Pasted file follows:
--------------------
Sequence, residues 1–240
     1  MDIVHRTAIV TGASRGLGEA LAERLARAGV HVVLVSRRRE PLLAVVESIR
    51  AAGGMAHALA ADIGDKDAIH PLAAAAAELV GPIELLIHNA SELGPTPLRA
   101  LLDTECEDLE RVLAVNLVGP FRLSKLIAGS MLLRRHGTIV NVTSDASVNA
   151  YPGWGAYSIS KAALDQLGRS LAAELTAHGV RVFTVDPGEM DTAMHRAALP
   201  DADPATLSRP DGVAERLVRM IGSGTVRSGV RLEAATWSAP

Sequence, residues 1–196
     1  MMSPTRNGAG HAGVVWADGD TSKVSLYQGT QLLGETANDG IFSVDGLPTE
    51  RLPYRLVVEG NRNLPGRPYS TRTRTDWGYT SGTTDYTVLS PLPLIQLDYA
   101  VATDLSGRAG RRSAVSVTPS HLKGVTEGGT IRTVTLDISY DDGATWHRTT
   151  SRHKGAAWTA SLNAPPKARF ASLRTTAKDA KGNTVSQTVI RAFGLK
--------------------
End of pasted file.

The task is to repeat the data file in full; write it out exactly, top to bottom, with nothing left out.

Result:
Sequence, residues 1–240
     1  MDIVHRTAIV TGASRGLGEA LAERLARAGV HVVLVSRRRE PLLAVVESIR
    51  AAGGMAHALA ADIGDKDAIH PLAAAAAELV GPIELLIHNA SELGPTPLRA
   101  LLDTECEDLE RVLAVNLVGP FRLSKLIAGS MLLRRHGTIV NVTSDASVNA
   151  YPGWGAYSIS KAALDQLGRS LAAELTAHGV RVFTVDPGEM DTAMHRAALP
   201  DADPATLSRP DGVAERLVRM IGSGTVRSGV RLEAATWSAP

Sequence, residues 1–196
     1  MMSPTRNGAG HAGVVWADGD TSKVSLYQGT QLLGETANDG IFSVDGLPTE
    51  RLPYRLVVEG NRNLPGRPYS TRTRTDWGYT SGTTDYTVLS PLPLIQLDYA
   101  VATDLSGRAG RRSAVSVTPS HLKGVTEGGT IRTVTLDISY DDGATWHRTT
   151  SRHKGAAWTA SLNAPPKARF ASLRTTAKDA KGNTVSQTVI RAFGLK